Levana Zigmund, Țuca Zbârcea & Asociații
Reproduced with permission from Law Business Research Ltd. This article was first published in The Dispute Resolution Review, 7th edition (published in February 2015 – editor Jonathan Cotton).
The Romanian dispute resolution framework is currently experiencing one of the most significant, substantial and extensive reforms of the last century, due to the enactment of a new Civil Procedure Code alongside a new Civil Code already in force; new Criminal and Criminal Procedure Codes have also been enacted. The reform seeks to put in place a legal framework able to answer the needs of contemporary developments of societal relations, with a clear view to coordination with EU law essentials. High expectations are placed on the system’s ability to absorb the new provisions aimed at speeding up trials, and avoid future allegations of systemic failure to settle disputes within ‘a reasonable time’. Particular applications of the legislator’s need for acceleration of trial proceedings include newly instituted duties of the judge to develop a written correspondence with the claimant in order to ensure the fulfilment of all validity requirements concerning his or her application, and then to coordinate the submitting of the parties’ written materials and the organisation of the hearing within a very strict time frame.
New legislation also puts in place a rapid mechanism by which parties can challenge any unjustified delays in the development of a trial, and obtain the fast completion of lacking measures – a procedural challenge against trial tergiversation. Such challenge is available in all instances where courts have failed to act within or pay heed to an established legal deadline, and will have to be settled within five days from application. If the challenge is granted, the court will immediately take measures to eliminate the causes of trial tergiversation.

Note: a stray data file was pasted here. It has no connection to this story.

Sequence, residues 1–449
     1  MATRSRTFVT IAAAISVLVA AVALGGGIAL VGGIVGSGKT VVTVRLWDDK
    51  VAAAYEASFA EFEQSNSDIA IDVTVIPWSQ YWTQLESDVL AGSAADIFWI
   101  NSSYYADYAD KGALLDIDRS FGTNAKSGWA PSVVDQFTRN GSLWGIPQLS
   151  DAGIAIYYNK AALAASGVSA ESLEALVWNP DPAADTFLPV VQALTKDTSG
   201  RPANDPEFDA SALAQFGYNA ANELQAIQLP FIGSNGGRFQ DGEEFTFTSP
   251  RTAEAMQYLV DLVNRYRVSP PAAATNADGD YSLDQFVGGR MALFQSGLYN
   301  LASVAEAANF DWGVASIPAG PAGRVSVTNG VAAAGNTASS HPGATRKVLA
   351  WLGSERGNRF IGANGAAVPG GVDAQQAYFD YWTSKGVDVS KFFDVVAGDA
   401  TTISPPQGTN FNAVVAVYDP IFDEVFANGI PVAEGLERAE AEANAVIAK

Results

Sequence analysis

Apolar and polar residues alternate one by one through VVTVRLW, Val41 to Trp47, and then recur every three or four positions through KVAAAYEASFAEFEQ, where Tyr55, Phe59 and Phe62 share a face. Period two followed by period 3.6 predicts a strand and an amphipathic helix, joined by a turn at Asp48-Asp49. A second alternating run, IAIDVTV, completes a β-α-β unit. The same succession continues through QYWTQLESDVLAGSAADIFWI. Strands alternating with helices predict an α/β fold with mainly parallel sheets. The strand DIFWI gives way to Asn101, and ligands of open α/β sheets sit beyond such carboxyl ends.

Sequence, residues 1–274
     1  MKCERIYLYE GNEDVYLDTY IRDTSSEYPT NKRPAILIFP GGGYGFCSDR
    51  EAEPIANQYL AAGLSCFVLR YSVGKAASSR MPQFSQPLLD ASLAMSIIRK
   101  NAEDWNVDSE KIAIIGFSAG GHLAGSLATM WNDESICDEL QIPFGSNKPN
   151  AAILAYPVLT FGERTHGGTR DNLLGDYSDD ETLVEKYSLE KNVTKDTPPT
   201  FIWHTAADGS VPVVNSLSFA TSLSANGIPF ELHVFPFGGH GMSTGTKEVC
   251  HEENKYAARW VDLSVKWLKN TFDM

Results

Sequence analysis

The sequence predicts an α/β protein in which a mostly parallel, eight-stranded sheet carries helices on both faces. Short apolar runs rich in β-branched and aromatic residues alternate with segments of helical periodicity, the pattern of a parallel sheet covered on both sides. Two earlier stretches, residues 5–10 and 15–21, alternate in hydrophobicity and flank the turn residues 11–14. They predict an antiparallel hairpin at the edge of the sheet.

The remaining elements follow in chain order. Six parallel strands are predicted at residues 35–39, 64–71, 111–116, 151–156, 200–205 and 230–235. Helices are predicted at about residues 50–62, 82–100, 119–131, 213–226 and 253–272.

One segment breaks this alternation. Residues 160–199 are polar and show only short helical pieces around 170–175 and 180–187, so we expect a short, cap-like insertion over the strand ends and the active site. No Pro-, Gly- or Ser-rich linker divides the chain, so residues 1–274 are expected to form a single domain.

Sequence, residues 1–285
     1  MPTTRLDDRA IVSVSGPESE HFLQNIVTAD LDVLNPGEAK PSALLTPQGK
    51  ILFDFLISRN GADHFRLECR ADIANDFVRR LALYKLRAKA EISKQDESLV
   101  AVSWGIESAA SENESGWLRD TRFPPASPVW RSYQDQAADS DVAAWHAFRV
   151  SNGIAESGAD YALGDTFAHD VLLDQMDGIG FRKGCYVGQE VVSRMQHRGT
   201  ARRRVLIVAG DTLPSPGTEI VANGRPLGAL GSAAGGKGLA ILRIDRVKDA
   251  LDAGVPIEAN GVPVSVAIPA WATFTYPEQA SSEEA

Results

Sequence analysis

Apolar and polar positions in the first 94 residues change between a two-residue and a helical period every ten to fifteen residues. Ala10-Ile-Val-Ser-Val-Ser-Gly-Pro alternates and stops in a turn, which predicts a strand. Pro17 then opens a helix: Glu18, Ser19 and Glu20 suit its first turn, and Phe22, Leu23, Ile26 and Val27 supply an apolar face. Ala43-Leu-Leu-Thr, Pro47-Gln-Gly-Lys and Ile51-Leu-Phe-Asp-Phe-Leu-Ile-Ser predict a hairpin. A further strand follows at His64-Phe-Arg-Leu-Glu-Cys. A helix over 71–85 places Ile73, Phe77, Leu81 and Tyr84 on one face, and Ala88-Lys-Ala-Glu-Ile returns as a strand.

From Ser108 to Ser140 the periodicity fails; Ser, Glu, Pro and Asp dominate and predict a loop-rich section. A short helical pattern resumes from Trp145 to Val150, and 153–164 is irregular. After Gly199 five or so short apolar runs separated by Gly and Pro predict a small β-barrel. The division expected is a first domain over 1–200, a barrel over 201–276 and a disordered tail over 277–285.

Trial filtering has been instituted in order to avoid court overburdening: claims lacking formal elements will be dismissed if such omissions are not remedied in short deadlines, final appeals will undergo a preliminary admissibility check performed by a three-judge panel with a view to assessing whether the application complies with formal requirements, as well as whether the final appeal is ostensibly unfounded. This latter screening procedure is expected to lead to a reduction in the number of final appeal cases on the dockets of the High Court of Cassation and Justice.
A fast-track, optional procedure is designed to accommodate claims valued below 10,000 lei. Such procedure is entirely written and aspires to relieve the volume of minor disputes courts are currently faced with. The enforcement phase of the trial will be conducted almost entirely by bailiffs, with a view to guaranteeing that the rights of the debtor are fully observed, and that enforcement procedures are carried out lawfully, efficiently and rapidly.
It is still too early to assess whether these welcomed changes will suffice to address the substantial difficulties Romania faces in its attempt to shape an efficient, cost‑effective dispute resolution system. Jurisprudence is yet to develop on many of the novel procedures described above, and interpretation controversies have already emerged. Nevertheless, the decisive step of legislation enactment has been accomplished.
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